ASPAC was at Soka University of America this year. It’s in the hills above Laguna Beach, just down the road from Irvine, on the edge of a nature reserve. The campus is new — they opened in 2001 — and compact, with shiny new buildings and real ambition. Being a hilltop campus, there’s a lot of stairs; being in southern California, and near a nature preserve, there’s some lovely flora and fauna on campus, and I think I’ve solidified my reputation among my conference colleagues as “the camera guy.” Like so many American colleges, Soka U. has a religious foundation to its community and pedagogy, but is open to non-Soka Gakkai students and faculty1 and has a secular, transformative mission.
Soka Gakkai tends to be something of a sideshow for Japan specialists — a Nichiren sect with a political wing, it’s the largest single religious institution in Japan but usually gets folded in with the rest of the Buddhist traditions; the political aspects of it get subsumed by the LDP’s continuing dominance — but it has a global reputation for peace, environmental and educational projects which goes well beyond their numbers. One of the papers I heard on Sunday was a discussion of the role of foreign language study in Soka Gakkai pedagogy.2 Soka founder Makiguchi Tsunesaburo was an adherent of John Dewey’s liberal humanism and Immanuel Kant’s enlightenment philosophy before he became a Nichiren Buddhist, making it a thoroughly global new religion.3 The engraving on the left reads
Foster Leaders of Culture in the Community
Foster Leaders of Humanism in Society
Foster Leaders of Pacifism in the World
Foster Leaders for the Creative Coexistence of Nature and Humanity
SOKA UNIVERSITY OF AMERICA
FOUNDER DAISAKU IKEDA
Not only is foreign language required at SUA, but a year of study overseas in a country that speaks the language. Since the student body is just over 400 at the moment, that’s got to make the campus seem even emptier,4 but it makes sense if you’re serious about training global citizens.
The public centerpiece of the conference is always the banquet, held in the appropriately grand Founders Hall. The featured speaker is almost always the AAS President, who makes the rounds of regional and specialist conferences. Robert Hefner presented some interesting material on religious growth and change in Southeast Asia, including the growth of Pentacostalism and, though he was running out of time, some about the rise of more political Islamic movements. There was a trio of cultural performances — Chinese music, modern Indian dance, and traditional Japanese dance — to cap off the evening. We also got some nice shamisen music — the medly which included the Star Wars theme caught some ears — to accompany our Friday night reception out at the Lotus ponds.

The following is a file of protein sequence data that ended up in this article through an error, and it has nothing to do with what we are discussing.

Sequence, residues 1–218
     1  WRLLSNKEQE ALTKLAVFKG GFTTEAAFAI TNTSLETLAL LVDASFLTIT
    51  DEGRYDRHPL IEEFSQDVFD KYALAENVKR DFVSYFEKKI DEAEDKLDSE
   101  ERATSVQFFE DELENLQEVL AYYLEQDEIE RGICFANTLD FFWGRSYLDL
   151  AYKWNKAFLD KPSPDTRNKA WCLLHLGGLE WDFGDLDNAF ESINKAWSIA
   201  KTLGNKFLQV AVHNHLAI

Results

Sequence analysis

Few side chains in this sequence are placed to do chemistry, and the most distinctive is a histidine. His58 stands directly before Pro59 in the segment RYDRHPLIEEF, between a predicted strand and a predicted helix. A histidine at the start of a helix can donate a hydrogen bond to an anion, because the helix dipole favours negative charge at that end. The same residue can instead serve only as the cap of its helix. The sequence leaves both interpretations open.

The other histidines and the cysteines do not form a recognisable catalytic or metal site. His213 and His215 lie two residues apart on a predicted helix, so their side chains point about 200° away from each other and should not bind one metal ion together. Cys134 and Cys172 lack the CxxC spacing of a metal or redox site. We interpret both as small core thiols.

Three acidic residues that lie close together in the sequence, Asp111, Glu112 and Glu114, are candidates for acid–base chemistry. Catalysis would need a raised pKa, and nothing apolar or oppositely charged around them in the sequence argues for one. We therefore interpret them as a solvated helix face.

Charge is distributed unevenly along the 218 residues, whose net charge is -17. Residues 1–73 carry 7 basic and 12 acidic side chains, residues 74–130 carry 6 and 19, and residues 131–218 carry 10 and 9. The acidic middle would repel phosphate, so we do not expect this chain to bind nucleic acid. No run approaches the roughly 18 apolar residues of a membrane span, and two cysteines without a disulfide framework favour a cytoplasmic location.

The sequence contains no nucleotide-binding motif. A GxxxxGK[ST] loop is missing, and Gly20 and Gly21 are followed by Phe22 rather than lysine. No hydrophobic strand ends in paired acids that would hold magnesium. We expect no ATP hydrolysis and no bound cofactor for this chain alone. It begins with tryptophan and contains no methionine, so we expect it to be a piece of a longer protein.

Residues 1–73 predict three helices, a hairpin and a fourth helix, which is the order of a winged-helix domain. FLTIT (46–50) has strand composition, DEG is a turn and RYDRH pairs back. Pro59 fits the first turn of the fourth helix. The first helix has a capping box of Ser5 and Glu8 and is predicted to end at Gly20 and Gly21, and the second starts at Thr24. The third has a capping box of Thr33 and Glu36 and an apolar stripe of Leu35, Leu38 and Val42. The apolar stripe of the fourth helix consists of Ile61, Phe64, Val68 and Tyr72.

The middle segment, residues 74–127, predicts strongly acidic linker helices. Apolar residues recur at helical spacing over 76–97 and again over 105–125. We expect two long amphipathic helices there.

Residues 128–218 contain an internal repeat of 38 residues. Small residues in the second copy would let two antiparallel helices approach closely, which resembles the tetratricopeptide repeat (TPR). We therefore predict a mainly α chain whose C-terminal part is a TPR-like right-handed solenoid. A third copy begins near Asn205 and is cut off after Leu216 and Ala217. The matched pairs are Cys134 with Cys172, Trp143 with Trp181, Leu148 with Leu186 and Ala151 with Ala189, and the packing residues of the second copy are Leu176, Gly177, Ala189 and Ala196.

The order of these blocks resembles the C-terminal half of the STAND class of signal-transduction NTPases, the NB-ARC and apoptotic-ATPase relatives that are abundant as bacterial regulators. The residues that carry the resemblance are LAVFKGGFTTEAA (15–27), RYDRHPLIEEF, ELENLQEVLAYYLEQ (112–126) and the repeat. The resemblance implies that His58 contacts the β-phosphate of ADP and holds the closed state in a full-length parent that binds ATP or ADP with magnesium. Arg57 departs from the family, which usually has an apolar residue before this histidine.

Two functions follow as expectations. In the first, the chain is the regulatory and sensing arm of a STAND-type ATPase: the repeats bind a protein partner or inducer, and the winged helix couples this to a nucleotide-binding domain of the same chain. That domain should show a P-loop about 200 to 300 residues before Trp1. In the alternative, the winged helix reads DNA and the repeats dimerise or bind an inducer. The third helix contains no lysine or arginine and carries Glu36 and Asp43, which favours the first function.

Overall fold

The private centerpiece of the conference is the board meeting, which was held on Friday night this year after the reception. My board colleagues saw fit to nominate me to another two-year term as secretary, putting my neurotic streak to good use, and that was ratified the next day.5 Though I’m no longer living in the ASPAC region, I do think it’s one of the nicest conferences there is: diverse, lively, nice folks, nice venues. I’ll keep coming: next year’s meeting will be at Portland State University.
Also, it’s one of the only conferences that takes place in the summer. Why aren’t there more? Is it protectiveness of our summertime? Is it the desire to get away mid-semester? I don’t get it: I hate losing class time to travel, and the paper writing mostly gets done in the summer anyway: the conference is a perfect venue to present a draft, get feedback, then go back and revise, submit.
Anyway, I’ve got a few panels and papers I want to talk about, and I’ll do that over the next few days. Most of the papers I want to comment on were about Japan, which is kind of unusual, actually. There were a couple of China papers, though, so check in over there sometime soon.
I can’t speak for the student body, but the Soka faculty who’ve dealt with the ASPAC board aren’t SG adherents ↩
The paper was arguing that Soka theory leads to a more advanced and effective language teaching system, but most of it sounded an awful lot like the dialogues, N+1 and immersion methods I encountered in the ’80s. The Makiguchi stuff was fascinating, though. ↩
No, I’m still not sure how you combine Kant, Dewey and Nichiren in a consistent theological fashion. The tensions between nationalism and internationalism, enlightenment ecumenicism and Lotus Sutra exclusivism, just to name a few, seem substantial. My personal experience with SG members in Japan suggests that it propogates as a sort of Prosperity Gospel, but that doesn’t actually simplify anything. ↩
There were about a hundred people at the conference, plus a couple of dozen people participating in other unrelated groups, and there was clearly capacity for lots more. ↩
mostly by the board, since hardly anyone else shows up to the general business meeting ↩